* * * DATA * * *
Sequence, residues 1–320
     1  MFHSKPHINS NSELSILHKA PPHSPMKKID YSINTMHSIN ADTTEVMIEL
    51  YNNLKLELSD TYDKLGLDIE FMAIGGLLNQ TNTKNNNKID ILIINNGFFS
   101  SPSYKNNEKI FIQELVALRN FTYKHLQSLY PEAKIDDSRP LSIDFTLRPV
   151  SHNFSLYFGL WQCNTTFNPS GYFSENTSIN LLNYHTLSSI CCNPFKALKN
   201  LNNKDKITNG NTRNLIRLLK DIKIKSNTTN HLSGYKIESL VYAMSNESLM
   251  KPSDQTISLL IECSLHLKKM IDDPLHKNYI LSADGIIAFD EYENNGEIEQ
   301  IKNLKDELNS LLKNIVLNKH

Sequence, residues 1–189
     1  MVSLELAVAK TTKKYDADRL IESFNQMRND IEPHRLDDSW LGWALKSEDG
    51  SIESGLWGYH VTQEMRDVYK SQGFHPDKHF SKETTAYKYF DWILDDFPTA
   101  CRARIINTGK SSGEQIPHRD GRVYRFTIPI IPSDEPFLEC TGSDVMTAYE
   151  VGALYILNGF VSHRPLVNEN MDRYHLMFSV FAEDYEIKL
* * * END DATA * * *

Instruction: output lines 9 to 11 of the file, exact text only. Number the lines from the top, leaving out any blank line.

Sequence, residues 1–189
     1  MVSLELAVAK TTKKYDADRL IESFNQMRND IEPHRLDDSW LGWALKSEDG
    51  SIESGLWGYH VTQEMRDVYK SQGFHPDKHF SKETTAYKYF DWILDDFPTA